The minutes of the 8th meeting of the CBFP Governing Council are available for download!
Kinshasa (Democratic Republic of the Congo) - 11 December 2020 – the CBFP Council held its eighth meeting. The gathering was chaired by the Honourable Dr Christian Ruck, CBFP Facilitator of the Federal Republic of Germany, co-chaired by His Excellency Mr. Jules Doret Ndongo, Cameroon Minister of Forestry and Wildlife, Acting Chairman of COMIFAC and hosted by: His Excellency Barrister Claude NYAMUGABO BAZIBUHE, Minister of Environment and Sustainable Development of the Democratic Republic of the Congo. Please download here below the minutes of the 8th meeting of the CBFP Governing Council
The meeting was graced by the presence of politicians, Forestry/Environment Ministers from the Central African countries and the High Representatives of ECCAS, COMIFAC, OCFSA and GVTC.
Close to 150 delegates also participated, representing the seven colleges that make up the CBFP with about fifty participants joining online, namely:
CBFP Regional College: ECCAS, COMIFAC and Ministers accompanied by the National COMIFAC Coordinators of the COMIFAC member countries;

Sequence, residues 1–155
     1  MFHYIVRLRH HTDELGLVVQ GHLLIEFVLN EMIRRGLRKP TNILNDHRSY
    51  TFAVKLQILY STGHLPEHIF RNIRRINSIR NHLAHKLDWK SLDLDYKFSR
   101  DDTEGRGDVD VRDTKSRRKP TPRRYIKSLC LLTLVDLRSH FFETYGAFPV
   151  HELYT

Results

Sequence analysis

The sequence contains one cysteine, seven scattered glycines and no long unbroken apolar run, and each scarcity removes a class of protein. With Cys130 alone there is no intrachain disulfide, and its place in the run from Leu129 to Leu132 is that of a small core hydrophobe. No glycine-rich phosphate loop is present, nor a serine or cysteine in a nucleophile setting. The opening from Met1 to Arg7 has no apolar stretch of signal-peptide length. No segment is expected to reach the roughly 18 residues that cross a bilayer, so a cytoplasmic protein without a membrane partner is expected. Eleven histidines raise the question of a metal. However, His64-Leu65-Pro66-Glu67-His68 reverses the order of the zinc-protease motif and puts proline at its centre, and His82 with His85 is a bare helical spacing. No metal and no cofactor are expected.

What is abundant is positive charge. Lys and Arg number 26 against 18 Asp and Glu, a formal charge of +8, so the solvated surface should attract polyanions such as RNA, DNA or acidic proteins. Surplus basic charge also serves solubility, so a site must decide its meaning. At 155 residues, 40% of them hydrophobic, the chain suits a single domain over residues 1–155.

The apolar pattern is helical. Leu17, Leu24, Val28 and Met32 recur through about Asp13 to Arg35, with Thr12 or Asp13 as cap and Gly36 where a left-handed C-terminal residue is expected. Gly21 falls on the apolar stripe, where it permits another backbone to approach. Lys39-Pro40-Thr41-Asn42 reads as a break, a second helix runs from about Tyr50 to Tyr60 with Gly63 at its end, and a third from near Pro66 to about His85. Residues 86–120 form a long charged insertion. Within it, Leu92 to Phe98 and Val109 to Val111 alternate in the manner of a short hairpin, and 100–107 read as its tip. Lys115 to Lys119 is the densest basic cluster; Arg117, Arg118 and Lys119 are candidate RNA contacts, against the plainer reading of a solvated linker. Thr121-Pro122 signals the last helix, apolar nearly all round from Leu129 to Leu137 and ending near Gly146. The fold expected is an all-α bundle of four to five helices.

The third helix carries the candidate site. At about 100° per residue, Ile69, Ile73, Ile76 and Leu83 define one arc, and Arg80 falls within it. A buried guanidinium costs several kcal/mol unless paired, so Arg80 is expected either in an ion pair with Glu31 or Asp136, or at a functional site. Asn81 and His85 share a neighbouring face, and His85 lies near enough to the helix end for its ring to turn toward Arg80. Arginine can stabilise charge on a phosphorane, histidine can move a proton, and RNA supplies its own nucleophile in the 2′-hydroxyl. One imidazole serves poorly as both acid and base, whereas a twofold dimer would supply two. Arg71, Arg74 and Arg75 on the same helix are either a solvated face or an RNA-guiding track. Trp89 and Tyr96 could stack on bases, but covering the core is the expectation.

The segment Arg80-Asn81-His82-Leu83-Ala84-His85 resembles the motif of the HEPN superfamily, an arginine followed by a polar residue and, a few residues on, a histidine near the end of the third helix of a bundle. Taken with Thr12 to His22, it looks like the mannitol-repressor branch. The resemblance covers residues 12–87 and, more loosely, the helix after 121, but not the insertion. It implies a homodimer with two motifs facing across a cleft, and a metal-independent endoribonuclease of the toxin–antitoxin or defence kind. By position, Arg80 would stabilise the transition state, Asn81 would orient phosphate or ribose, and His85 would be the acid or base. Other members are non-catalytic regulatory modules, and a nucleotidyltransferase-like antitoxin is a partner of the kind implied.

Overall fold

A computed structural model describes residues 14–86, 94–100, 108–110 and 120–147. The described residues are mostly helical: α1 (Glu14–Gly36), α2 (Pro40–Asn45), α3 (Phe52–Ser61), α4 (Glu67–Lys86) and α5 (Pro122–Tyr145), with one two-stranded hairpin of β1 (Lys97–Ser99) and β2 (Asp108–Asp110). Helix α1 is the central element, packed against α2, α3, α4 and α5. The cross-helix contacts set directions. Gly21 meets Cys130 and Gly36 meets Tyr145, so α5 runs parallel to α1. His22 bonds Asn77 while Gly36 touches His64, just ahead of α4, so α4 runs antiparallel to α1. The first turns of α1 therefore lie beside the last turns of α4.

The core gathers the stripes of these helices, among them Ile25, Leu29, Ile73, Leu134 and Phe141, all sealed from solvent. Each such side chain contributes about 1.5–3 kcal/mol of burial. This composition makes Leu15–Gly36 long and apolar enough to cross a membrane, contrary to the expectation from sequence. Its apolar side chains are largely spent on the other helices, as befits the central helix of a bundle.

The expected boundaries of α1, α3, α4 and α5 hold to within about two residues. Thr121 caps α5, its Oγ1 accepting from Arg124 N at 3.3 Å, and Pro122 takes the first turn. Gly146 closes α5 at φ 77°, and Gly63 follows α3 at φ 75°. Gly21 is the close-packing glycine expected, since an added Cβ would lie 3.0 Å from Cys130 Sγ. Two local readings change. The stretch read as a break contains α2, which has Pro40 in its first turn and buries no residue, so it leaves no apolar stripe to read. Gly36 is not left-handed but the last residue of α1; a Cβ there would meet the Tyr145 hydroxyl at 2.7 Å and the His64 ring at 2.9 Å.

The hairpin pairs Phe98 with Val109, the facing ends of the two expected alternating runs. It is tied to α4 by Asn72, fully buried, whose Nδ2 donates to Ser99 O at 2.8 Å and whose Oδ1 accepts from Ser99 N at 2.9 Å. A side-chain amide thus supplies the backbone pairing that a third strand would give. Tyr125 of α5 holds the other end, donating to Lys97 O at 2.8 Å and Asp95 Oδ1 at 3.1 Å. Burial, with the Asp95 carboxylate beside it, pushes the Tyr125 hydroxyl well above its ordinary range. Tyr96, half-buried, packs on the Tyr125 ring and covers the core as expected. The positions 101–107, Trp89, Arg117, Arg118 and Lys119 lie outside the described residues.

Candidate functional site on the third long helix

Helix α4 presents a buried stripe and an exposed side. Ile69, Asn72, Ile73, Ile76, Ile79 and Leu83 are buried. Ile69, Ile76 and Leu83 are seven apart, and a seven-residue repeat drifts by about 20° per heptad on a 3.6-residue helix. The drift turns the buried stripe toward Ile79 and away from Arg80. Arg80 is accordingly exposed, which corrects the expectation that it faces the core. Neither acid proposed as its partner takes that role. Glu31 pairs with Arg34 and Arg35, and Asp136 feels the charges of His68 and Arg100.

CBFP Civil Society College: CEFDHAC-CPR and ROSCEVAC accompanied by representatives of REJEFAC, REFADD, REPALEAC, REPAR networks, representatives of RECEIAC and local CSOs;
CBFP International NGO College: AWF, WCS accompanied by WWF, WRI, FERN, TI
CBFP Private Sector College: ATIBT and Earthworm Foundations represented by the DRC’s Timber Industry Federation;
CBFP Donor College: Norway accompanied by Germany, Belgium and France;
CBFP Scientific and Academic College: CIFOR;
CBFP Multilateral College: UNESCO and GVTC represented by ICCN.
The Eighth CBFP Council Meeting was structured around a first segment which was devoted to the opening ceremony. During the opening session of the 8th CBFP Council meeting, the Facilitator of the Federal Republic of Germany, the Honourable Dr Christian Ruck, provided a brief overview of the objectives and activities conducted by the German Facilitation for close to a year, underscoring the need to quickly develop a common position for Central Africa on Climate and Biodiversity issues, in order to strengthen the sub-region’s voice at international negotiations coming up in 2021.
Coming after the Mayor of Kinshasa, the Ministers of Forestry of the Congo (Acting President of OCFSA), and of Cameroon (Acting President of COMIFAC), the ECCAS Commissioner for Forests and the DRC Minister of Forestry took turns making statements. They all thanked the German Facilitation for all its efforts and especially for holding the meeting in Kinshasa amidst the turmoil of the COVID crisis. Furthermore, they were unanimous in acknowledging the need to quickly reach a common position for Central Africa through a Declaration that could be put forward at international Climate and Biodiversity negotiations. They pledged to work actively to help finalize the text speedily, noting that there was significant room to increase the funding granted to date for forest and biodiversity preservation in the Congo Basin, to compensate the countries for the efforts they are making both individually and collectively.